Women being forced to wear high heels at work has been the subject of a report by a parliamentary committee. The committee looked at whether it was illegal for an employer to require its female staff to wear high heels. The report, which was published last week, said that a dress code of having to wear high heels was already unlawful, and that “discriminatory dress codes remain widespread”. It said that it was “clear that the existing law is not yet fully effective in protecting employees from discrimination at work”. This has led to much debate in the press and social media, particularly after Piers Morgan while conducting an interview on television in relation to the report said that he “likes women to wear heels at work”. But what does all this mean for employers?
Many employers impose dress codes or appearance requirements on employees. Often this is to reflect the image of the business, or for health and safety reasons. While dress codes can be lawful, employers have to be careful that their requirements don’t amount to unlawful discrimination. Such discrimination may not just be because of sex, but can also be because of any of the other protected characteristics, including religion, disability, or gender reassignment.
Looking at sex discrimination, treating a woman less favourably than a man in the same circumstances is direct sex discrimination. However, just because dress codes are different for men and women doesn’t mean that there is sex discrimination. If the dress code applies a conventional standard of appearance and taken as a whole, neither men nor women are treated less favourably, then it’s not sex discrimination. But the dress code must be applied consistently between men and women – smart work attire doesn’t mean heels and makeup for women.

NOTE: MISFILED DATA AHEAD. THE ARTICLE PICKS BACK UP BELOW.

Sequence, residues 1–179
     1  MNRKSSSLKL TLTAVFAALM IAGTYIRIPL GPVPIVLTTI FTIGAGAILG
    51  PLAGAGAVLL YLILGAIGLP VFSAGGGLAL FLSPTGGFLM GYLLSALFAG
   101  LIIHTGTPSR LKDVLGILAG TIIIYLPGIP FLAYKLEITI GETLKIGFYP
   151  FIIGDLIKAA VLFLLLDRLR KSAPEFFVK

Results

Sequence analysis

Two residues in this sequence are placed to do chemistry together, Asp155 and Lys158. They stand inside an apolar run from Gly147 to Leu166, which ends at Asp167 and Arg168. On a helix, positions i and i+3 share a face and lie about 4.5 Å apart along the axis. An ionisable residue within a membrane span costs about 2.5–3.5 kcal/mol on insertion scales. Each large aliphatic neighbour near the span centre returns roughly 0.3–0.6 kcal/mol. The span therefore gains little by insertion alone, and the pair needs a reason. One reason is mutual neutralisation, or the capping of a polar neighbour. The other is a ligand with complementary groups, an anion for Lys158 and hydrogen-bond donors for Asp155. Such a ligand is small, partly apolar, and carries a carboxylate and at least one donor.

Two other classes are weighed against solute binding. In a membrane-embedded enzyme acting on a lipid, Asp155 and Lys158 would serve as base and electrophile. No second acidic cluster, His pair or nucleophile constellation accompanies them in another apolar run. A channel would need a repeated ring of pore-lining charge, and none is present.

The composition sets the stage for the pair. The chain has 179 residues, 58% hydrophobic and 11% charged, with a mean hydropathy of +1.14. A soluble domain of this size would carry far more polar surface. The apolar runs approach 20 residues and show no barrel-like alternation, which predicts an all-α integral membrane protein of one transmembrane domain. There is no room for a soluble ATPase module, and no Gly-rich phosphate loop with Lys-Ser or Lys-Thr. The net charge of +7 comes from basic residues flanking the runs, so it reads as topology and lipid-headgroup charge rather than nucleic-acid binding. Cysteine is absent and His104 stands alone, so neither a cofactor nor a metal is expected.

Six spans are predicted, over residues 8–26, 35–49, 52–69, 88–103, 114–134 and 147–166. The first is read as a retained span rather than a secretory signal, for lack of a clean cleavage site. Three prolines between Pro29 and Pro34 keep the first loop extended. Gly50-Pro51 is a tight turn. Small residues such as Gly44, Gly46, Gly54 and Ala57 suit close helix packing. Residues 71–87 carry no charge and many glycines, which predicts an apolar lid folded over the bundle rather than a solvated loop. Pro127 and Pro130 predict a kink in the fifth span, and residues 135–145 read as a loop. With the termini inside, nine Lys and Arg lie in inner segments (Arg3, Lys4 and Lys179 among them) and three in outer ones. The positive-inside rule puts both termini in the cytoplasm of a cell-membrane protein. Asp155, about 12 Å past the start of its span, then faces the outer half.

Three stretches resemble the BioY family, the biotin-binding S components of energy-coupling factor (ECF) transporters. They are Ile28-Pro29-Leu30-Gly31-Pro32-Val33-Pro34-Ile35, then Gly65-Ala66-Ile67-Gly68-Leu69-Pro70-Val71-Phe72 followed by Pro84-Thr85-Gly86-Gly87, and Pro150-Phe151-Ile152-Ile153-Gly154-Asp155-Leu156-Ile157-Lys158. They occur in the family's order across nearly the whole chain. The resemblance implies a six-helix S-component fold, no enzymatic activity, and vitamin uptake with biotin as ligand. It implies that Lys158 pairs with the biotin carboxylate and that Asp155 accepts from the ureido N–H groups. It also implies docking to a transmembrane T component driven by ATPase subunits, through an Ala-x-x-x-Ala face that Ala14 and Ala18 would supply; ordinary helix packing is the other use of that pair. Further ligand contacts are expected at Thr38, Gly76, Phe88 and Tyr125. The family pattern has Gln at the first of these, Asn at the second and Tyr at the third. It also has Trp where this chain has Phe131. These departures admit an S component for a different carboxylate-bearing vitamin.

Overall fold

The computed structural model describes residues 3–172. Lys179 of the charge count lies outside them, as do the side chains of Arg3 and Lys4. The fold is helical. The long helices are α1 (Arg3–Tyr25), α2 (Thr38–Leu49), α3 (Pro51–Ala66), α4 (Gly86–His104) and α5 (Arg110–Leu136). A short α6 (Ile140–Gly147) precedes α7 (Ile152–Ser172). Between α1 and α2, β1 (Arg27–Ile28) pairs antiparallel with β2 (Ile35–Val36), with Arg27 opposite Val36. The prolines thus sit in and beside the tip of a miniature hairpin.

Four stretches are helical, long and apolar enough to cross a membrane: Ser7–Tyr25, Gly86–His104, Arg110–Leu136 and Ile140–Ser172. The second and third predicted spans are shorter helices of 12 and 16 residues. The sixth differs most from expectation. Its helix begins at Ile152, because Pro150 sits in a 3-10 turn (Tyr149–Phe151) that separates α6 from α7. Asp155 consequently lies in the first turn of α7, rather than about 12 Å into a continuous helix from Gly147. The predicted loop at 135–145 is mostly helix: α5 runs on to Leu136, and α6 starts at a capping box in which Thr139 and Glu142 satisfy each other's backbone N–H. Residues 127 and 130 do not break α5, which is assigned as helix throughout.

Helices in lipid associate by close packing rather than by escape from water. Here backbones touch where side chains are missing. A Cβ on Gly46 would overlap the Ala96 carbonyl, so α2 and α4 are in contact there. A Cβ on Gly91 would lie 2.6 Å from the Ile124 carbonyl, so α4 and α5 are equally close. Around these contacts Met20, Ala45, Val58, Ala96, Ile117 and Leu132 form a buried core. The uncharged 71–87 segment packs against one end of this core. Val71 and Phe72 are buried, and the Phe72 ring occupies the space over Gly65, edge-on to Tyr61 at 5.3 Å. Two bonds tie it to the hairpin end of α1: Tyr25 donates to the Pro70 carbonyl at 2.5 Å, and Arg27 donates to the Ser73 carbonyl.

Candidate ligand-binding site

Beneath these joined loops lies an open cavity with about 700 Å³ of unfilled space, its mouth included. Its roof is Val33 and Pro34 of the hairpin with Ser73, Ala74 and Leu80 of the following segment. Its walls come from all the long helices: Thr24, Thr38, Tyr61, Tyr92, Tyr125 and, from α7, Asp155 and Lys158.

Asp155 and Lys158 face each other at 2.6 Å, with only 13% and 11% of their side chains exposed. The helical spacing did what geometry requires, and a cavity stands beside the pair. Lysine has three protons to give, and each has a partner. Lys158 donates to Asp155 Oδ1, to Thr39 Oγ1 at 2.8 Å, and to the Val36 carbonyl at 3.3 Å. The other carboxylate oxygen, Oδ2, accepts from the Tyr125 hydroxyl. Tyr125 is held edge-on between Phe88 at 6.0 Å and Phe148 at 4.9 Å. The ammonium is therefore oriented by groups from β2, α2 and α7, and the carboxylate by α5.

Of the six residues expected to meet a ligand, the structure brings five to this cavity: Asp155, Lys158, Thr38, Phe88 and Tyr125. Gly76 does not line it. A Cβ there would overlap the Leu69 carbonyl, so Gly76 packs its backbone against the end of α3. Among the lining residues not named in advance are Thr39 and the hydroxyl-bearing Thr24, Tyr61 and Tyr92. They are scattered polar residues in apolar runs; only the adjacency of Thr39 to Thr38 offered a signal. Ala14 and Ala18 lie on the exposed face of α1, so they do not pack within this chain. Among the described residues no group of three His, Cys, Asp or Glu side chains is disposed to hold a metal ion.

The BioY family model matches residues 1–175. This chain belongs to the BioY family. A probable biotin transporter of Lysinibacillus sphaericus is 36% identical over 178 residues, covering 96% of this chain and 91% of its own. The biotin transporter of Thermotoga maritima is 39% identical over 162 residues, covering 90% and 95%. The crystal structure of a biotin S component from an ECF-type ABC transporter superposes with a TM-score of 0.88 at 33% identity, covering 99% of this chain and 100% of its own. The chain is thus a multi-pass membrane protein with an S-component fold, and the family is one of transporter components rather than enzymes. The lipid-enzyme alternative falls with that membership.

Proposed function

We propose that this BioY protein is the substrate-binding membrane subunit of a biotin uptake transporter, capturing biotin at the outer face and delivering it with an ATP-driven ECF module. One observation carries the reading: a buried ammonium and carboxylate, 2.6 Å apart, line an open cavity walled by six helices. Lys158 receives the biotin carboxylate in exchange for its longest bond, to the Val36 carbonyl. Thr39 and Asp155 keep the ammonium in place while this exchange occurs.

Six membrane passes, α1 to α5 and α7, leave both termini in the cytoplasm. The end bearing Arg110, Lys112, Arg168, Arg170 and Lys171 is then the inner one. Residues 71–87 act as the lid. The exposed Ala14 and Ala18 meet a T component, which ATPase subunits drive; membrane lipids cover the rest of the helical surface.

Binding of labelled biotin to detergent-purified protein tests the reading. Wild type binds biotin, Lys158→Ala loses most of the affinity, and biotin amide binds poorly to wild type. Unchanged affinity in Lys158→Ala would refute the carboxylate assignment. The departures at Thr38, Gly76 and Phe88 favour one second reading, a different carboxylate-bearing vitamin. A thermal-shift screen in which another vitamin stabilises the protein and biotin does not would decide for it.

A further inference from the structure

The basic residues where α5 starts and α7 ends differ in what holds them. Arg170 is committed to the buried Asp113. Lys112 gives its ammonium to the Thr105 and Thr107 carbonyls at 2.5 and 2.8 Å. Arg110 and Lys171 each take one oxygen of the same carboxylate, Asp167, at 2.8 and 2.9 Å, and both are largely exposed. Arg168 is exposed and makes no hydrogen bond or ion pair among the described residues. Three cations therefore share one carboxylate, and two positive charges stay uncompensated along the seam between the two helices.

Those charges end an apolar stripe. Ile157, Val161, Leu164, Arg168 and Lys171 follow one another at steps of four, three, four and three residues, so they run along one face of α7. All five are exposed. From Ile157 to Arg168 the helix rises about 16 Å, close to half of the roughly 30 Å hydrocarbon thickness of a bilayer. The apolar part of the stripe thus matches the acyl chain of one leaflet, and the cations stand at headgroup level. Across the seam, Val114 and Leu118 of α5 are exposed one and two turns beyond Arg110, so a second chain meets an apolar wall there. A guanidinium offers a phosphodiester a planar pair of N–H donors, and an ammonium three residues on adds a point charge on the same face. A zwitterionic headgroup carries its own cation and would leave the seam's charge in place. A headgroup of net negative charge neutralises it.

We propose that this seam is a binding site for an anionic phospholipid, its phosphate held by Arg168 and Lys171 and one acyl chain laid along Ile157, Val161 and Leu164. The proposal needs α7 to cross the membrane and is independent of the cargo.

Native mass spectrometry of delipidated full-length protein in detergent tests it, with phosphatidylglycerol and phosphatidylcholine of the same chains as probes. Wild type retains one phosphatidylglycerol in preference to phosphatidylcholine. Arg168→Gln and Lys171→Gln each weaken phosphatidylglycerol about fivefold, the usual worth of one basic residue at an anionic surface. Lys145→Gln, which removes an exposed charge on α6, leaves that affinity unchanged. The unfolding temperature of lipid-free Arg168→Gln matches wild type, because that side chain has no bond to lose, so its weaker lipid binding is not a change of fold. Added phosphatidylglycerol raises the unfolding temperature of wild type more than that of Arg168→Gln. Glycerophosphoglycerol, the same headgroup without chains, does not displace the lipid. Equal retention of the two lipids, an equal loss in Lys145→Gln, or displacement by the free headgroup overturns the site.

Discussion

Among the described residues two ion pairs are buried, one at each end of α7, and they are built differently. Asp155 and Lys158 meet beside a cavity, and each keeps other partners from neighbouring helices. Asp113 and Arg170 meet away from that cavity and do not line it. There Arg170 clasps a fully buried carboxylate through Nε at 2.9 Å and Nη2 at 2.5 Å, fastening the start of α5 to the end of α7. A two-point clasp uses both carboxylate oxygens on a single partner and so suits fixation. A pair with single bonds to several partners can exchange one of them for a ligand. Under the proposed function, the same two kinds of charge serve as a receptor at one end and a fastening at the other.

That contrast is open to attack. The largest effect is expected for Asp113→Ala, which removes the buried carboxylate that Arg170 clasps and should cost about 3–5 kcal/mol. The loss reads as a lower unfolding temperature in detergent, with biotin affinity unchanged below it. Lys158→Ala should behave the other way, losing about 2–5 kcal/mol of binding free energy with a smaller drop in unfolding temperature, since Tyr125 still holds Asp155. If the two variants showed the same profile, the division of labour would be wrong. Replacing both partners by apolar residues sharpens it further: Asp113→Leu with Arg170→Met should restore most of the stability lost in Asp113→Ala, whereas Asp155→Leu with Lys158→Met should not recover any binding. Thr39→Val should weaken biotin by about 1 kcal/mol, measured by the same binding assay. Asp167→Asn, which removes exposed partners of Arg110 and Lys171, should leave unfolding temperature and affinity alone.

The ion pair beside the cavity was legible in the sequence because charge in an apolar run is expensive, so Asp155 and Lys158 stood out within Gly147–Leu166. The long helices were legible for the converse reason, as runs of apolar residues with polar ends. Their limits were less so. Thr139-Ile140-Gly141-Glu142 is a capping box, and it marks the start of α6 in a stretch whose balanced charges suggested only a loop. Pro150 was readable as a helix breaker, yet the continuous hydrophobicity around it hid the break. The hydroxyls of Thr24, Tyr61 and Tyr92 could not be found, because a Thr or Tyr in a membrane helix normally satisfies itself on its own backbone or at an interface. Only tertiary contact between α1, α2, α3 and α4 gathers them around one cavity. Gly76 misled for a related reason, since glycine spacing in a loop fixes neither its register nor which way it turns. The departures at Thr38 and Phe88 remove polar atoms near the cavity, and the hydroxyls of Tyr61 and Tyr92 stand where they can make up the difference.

The parliamentary report said that relationship between what is discrimination and workplace dress codes is not understood by many employers. While the Government expects employers to find out what their legal obligations are and to comply with the law, the report says that this is not working. It says that the Government must do more to help employers and employees understand the law on discrimination in the workplace. Requiring a woman to wear heels is discrimination, and may also breach an employer’s duty of care for the health of its employees – wearing heels for long periods each day can cause pain and long-term damage.
As an employer, you should think carefully about any dress code that you introduce and why your dress code is important and necessary. Both Acas and the Equality and Human Rights Commission have guidance on dress codes. Where you have a dress code, you should make sure that it is applied evenly to all employees, is not overly prescriptive for one sex and not the other, and takes account of religion, beliefs and disabilities. If you are flexible, there is less likely to be an issue. If you are asked to make an exception to your dress code, consider this properly. Look at both sides of the argument – yours and the employee’s – carefully before you refuse the request. If you can still achieve your objective while allowing the exception, it may be discrimination to refuse it.